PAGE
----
Dieter Petereit May 14th, 2018

Aging Design: How to Keep Your Websites Young

Websites are like people. The birth is where the decay begins. Just like yourself, you can keep your website in good nick. This takes good care. Find out how exactly that's supposed to look like here. In the beginning, it's a feeling of being in love. The world is beautiful, the flowers are blooming, the air is pleasantly balmy. Your own website is live, and it looks fantastic. After all, that's the most important thing, right? [caption id="attachment_104495" align="aligncenter" width="1024"] During spring, (a developer's) life is simple. (Photo: Pixabay)[/caption] I know this feeling. I've been working with media since 1994. Small and large projects are scattered on my path. I still take care of some of them today, while I have dropped some, and had to drop some. However, the hardest projects have always been the one that I had to - or let's say - was allowed to take over. These include some large projects that looked to be in great shape in the beginning. Upon closer investigation, it was obvious that the opposite was the case.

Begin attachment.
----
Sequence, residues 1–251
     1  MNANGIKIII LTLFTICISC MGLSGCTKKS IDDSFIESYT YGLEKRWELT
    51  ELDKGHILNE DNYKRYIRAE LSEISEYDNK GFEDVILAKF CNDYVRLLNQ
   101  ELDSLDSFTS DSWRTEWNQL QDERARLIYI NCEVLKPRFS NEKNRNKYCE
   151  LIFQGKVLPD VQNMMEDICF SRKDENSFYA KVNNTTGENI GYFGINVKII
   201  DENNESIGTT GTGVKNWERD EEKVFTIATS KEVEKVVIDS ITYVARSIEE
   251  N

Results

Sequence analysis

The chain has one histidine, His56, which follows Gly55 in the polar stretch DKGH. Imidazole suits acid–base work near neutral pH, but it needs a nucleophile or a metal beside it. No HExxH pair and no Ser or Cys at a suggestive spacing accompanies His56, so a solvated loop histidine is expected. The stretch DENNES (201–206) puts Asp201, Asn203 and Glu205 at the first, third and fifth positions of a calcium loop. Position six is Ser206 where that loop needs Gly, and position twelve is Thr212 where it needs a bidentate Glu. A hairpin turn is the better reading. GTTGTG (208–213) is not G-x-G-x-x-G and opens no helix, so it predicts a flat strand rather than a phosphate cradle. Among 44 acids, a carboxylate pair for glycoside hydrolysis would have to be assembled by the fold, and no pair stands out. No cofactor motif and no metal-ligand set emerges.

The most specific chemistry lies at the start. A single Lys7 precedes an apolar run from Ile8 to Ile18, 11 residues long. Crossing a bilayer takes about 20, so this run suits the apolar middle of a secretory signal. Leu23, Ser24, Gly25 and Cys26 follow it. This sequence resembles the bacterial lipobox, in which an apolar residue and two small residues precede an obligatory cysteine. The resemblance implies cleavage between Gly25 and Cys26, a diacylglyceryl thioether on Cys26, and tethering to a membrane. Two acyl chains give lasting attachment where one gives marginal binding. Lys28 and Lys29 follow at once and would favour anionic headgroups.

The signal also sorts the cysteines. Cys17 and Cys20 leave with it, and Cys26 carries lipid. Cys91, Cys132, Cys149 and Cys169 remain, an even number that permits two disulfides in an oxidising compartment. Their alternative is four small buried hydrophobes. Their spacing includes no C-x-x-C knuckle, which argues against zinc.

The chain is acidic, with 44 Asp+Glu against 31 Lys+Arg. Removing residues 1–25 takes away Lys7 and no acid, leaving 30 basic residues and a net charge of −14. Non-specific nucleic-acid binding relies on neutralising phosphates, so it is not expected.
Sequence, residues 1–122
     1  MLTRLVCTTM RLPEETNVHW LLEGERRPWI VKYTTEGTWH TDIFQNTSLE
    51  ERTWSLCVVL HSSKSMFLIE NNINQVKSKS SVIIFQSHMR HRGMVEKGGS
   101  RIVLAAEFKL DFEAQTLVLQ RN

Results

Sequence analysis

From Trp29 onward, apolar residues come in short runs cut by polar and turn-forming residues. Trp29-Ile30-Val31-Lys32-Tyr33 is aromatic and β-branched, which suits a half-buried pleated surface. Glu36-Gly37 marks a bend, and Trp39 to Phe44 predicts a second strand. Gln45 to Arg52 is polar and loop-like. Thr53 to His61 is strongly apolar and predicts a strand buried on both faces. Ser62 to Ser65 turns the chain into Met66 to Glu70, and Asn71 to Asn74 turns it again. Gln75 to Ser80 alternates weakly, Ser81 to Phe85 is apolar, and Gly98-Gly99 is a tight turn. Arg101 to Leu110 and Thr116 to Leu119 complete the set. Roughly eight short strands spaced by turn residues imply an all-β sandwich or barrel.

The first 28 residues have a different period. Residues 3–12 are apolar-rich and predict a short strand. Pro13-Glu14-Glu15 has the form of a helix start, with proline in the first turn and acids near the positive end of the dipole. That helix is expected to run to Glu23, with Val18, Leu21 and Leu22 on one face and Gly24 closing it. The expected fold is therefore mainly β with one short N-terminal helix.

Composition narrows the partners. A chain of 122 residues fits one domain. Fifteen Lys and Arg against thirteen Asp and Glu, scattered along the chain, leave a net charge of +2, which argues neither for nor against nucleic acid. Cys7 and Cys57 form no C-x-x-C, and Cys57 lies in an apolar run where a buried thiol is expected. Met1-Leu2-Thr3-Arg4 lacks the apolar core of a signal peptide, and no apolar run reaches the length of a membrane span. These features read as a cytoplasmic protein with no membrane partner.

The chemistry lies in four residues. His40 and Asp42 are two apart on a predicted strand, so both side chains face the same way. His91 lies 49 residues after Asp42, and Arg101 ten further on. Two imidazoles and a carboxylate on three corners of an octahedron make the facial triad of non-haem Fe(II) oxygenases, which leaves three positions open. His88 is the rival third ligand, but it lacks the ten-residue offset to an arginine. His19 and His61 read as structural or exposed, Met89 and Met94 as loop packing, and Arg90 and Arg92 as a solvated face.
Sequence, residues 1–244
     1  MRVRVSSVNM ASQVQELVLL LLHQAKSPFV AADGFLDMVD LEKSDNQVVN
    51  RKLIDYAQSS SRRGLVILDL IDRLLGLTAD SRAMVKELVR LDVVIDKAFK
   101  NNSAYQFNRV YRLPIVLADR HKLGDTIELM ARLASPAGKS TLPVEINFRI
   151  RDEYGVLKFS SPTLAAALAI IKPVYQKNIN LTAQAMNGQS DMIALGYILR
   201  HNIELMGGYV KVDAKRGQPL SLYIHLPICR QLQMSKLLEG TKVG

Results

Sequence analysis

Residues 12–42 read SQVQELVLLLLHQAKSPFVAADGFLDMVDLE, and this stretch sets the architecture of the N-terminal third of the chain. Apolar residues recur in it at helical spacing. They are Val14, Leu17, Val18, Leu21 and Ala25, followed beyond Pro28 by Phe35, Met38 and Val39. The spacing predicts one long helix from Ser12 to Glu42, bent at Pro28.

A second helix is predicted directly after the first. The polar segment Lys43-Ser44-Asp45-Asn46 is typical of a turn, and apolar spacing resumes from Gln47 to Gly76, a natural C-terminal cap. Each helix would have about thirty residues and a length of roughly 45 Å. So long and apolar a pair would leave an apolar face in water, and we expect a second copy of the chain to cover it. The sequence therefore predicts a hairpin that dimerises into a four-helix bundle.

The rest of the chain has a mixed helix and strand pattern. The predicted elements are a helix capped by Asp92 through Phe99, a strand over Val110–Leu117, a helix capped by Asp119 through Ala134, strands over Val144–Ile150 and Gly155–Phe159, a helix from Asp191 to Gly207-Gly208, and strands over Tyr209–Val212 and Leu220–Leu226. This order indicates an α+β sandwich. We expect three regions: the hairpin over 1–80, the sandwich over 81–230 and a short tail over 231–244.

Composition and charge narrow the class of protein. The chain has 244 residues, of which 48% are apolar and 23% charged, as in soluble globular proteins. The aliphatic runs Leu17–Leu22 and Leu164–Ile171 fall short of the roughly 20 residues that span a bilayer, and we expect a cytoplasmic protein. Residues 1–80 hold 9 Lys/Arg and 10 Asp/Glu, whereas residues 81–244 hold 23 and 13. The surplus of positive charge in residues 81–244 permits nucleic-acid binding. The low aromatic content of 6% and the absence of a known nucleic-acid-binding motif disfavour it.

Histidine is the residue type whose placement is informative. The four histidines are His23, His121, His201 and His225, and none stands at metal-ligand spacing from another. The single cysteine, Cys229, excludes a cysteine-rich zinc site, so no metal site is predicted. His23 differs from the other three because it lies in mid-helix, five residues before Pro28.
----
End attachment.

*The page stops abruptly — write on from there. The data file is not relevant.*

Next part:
The Most Common Projects of Twenty Years of Experience